I check the photo I just took before putting my phone away. “Nah,” I say, and I delete the photo. (Crazy how we just delete photos and the moment is gone as quick as it was captured, right?)
I snap another photo and make sure that my stupid finger isn’t in the photo. It is. Dammit.
This one is good. (Third time’s a charm!) Satisfied with my captured moment, I put my phone back in my pocket and walk out of my naked classroom, down to the teacher’s lounge for a refill of coffee. I sip the bitter yet caffeine loaded coffee and peer into classrooms that look like mine: furniture pushed to the middle of the room with boxes, milk crates, bags, and other storage containers stacked neatly.
There’s hardly any kids on campus today. Most have already left for summer break, but as we all know, there are some who will always show up on the last day of school. I wonder about a few students who aren’t at school today. An unspoken prayer for them slips into Heaven as I take a gulp of the coffee, now cooler than when it was first poured.
There is joy on kids’ faces. There is exhaustion on the faces of teachers, but the teachers carry themselves with a sense of accomplishment. As they should. Teaching is hard.
We did it. We made it through another year.
Teaching is very rewarding, but it is also exhausting. Teachers make thousands of decisions each day; decisions about how to phrase your instruction so that all students understand, how to handle misbehavior, how to praise student for positive behavior, how to group students for intervention, what scaffolds and differentiation will work best for each group/student, and…you get the picture. The larger the class size, the more decisions need to be made. Decision making is exhausting. No wonder teachers are tired.
Teachers are in the service industry. We teach people, not subjects. We teach humans, not grades. We are teaching humans through the content we deliver. We provide a service to families and students by giving them the best education we can. The largest class I had was 30 students, but I averaged about 25 between my first eight years of teaching, so we’ll use that number for a second. That’s 25 humans that I had to interact with for 6 hours a day. Every day I served each of those students in my class in various ways. It’s rewarding, but exhausting.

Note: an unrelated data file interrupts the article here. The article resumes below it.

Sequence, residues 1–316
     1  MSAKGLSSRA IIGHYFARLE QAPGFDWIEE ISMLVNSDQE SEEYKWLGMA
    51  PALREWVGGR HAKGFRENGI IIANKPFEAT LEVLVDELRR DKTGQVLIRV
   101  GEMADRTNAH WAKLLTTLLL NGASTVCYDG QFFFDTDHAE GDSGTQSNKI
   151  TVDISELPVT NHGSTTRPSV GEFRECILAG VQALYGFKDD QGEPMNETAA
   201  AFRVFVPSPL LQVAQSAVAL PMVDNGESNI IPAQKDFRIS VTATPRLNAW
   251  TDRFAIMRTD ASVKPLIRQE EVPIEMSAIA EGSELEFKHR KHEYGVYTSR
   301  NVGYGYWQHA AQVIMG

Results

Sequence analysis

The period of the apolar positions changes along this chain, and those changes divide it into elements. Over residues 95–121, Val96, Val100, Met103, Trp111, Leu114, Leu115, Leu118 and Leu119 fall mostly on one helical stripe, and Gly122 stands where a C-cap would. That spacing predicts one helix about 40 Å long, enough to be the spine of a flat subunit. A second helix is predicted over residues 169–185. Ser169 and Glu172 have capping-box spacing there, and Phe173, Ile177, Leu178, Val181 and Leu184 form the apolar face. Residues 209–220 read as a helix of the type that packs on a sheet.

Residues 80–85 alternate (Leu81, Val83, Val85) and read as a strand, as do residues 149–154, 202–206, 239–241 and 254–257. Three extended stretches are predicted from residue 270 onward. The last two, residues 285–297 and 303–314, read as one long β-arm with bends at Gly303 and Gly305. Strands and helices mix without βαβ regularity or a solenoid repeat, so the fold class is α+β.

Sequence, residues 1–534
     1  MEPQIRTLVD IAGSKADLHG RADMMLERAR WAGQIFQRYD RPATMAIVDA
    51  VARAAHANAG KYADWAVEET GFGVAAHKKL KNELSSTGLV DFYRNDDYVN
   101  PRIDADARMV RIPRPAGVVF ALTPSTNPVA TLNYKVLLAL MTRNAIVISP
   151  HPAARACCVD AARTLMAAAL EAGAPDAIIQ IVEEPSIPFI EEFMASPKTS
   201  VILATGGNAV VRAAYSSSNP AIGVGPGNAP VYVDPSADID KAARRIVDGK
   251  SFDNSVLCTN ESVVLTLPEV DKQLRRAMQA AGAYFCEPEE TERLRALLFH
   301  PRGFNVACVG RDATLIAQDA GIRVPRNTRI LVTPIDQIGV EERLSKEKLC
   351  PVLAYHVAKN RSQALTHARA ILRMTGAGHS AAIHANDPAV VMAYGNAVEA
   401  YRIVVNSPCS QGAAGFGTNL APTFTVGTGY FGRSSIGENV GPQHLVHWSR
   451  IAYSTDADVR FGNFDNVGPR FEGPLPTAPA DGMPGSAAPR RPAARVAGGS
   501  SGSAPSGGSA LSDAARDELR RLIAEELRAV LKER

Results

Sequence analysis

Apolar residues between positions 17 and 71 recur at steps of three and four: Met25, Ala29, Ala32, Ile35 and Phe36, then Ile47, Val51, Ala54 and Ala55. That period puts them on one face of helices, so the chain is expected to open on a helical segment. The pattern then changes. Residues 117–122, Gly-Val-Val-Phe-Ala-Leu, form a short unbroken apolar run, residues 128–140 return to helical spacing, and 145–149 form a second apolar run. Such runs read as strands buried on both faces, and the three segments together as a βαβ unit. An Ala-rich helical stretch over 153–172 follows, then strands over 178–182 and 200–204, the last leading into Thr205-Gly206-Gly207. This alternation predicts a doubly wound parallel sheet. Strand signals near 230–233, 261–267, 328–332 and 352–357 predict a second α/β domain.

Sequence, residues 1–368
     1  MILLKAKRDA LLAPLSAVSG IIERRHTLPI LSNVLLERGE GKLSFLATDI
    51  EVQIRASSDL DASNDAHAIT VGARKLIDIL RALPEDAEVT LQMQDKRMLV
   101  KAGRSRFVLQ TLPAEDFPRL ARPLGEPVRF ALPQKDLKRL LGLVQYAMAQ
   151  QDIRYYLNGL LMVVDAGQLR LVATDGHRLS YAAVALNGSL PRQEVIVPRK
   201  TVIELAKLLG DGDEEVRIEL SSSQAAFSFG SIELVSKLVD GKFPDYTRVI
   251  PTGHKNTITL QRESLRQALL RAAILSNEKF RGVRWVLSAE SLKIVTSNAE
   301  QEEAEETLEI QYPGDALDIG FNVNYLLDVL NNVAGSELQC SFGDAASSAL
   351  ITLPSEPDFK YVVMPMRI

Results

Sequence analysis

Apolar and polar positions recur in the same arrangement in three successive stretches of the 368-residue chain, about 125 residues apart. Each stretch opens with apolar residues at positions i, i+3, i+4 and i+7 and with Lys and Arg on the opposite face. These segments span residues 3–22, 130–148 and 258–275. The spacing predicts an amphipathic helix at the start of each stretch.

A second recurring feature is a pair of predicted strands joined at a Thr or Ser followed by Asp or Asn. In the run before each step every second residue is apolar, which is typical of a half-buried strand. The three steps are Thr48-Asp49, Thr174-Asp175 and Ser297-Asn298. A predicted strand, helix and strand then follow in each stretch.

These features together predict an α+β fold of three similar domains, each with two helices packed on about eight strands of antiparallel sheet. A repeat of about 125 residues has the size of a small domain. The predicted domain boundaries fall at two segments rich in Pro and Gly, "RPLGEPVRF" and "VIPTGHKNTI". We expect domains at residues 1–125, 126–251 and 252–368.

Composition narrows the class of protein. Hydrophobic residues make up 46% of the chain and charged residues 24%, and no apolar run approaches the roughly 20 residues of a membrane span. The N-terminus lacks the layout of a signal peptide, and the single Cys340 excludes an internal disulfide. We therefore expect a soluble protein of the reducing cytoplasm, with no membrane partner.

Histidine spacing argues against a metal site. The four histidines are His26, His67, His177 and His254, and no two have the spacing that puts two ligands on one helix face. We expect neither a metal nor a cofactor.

And even the really great and successful years of teaching can wear us down. No matter how awesome your year was, I can almost guarantee that by May you are ready for summer!
I know very well that by the end of the year, it’s hard to see the end. I also know that when you try to look back on the year you just made it through, it can seem like a blur at first. It’s one of those “what the hell just happened” kind of moments. You’re just happy you and your students made it to the end. After we have recharged and the dust settles, it becomes easier to reflect on the school year that was just closed out. It’s then that we can see the good, the great, and the awesome things we did and maybe forgot about. It’s then that we can see the growth our students made.
I saw lots this year.
I pass by the special education classrooms. I saw both SPED teachers make sure that their students minutes and goals were met. They made learning fun and built a community within their own classrooms. I saw them do what was best for their students.
I saw a first year teacher grow into a confident and dedicated teacher. Her kindergarten students grew to love her very much and they learned a lot this year!
I saw another kindergarten teacher build a community within her class. She showed her students that she cared for them and gave them opportunities for them to learn through play.